It is a well-known fact that nearly 1/3rd of our lifetime is spent for sleep. The quality of the sleep is equally important as the quantity. People who have odd working hours such as drivers, shift workers and astronauts suffer from chronic sleep deprivation that is responsible for fatigue and other health disorders.
Studies conducted on reindeer in the North Polar Region have for the first time shed light on various aspects of sleep disorders. Researchers from the University of Tromso have been working on the research project for a long time.
Reindeer possess a very weak body clock unlike humans. This makes them insensitive to the 24-hour cycle of light and darkness. Because of the same reason, these animals face difficulty in coping up with constant daylight during the summer and darkness during winter.
Other methods of indication, in addition to their body clocks would be required for effective adaptation of these animals to the alternating extremes of light and darkness. An analysis was done on two different species of reindeer; Rangifer tarandus platyrhynchus that lives in the Arctic archipelago of Svalbard and Rangifer tarandus tarandus in Northern Norway.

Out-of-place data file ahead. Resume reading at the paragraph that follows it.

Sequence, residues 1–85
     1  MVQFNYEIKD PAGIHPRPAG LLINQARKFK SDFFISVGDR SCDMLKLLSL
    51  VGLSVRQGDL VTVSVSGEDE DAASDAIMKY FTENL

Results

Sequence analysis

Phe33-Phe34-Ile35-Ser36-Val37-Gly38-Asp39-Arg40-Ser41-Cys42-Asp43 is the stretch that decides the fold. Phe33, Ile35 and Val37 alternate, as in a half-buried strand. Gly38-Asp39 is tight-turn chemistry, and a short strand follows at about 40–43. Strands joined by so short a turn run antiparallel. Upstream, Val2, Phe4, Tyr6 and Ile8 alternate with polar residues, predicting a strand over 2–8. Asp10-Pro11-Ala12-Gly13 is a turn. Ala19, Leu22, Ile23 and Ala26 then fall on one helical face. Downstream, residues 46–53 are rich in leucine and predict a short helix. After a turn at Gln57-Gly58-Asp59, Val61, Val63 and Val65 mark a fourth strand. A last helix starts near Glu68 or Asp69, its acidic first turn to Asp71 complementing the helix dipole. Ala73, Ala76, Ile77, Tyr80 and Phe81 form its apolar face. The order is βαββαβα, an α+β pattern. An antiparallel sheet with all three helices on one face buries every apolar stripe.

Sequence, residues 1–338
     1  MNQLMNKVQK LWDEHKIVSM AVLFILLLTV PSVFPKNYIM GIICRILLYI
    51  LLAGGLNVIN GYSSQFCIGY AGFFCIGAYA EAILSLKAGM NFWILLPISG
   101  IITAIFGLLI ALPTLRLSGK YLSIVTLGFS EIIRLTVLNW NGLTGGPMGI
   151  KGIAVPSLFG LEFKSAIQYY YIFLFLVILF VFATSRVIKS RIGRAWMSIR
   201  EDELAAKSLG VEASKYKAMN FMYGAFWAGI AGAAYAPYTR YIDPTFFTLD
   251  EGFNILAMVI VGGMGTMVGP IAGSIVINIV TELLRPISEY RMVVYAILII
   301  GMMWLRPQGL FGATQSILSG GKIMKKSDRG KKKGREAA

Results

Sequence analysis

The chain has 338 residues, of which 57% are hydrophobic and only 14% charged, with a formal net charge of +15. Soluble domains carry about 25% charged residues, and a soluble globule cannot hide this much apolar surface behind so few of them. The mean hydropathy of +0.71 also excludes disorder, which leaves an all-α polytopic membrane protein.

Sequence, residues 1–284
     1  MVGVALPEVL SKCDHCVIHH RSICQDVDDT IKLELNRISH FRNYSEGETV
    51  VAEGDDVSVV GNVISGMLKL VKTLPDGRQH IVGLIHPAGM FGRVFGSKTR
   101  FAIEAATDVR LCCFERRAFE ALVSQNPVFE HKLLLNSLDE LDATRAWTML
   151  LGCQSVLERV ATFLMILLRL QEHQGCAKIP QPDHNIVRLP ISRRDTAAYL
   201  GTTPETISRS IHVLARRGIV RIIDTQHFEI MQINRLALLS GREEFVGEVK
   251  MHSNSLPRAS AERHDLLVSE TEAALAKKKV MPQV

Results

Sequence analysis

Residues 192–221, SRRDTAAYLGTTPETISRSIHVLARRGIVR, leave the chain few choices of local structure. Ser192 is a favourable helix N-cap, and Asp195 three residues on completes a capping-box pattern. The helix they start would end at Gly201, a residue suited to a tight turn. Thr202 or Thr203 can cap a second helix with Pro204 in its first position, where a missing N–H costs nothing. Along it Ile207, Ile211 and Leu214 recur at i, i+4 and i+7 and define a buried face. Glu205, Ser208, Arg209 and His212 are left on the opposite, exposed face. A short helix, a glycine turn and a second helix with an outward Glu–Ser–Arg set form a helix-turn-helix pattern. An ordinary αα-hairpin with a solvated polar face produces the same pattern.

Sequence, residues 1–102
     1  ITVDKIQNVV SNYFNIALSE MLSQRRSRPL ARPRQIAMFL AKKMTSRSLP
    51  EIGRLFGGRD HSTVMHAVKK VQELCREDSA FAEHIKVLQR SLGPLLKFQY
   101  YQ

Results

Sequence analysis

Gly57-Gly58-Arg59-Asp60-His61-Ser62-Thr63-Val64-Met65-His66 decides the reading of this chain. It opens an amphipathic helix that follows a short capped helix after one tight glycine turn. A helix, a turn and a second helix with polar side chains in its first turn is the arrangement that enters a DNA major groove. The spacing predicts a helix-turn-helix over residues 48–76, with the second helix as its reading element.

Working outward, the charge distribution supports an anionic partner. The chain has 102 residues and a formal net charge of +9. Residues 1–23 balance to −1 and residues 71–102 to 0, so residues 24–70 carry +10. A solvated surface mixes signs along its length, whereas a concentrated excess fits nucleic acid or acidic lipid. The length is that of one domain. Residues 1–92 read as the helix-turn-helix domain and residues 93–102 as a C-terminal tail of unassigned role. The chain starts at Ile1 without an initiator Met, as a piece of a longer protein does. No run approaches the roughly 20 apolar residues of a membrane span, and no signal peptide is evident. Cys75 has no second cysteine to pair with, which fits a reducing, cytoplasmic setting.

Surprisingly, these two species that had to survive the extremes of light and darkness had a complete shut down of their biological clocks. A complete loss of circadian activity was seen in these sub-species that were exposed to normal daylight and darkness for a period of just 18 months.
This observation has for the first time suggested a possibility of an on/off mechanism of the body clock, which can be adjusted to remain active or inactive depending on the climatic condition.
It has been suggested that if by some means this effect (switching off the biological clock) is induced in individuals with altered sleep patterns, then perhaps the disruptions to the daily routine can be minimized to the maximum possible extent.
"By looking at what the 'natives' [reindeer and other Arctic animals] do, we may learn something that can be of importance in finding a cure for human problems. In fact, one anecdotal cure for sleep disturbances during shift work and in the Arctic winter is to let your body run at its own pace for a while, don't force it, and it will eventually catch up, said Dr Stokkank, one of the senior researchers involved in the study.
More studies are clearly indicated to better understand and treat sleep disorders in the future. With studies such as these offering valuable clues, there seems a ray of hope in the much-neglected area of sleep disorder.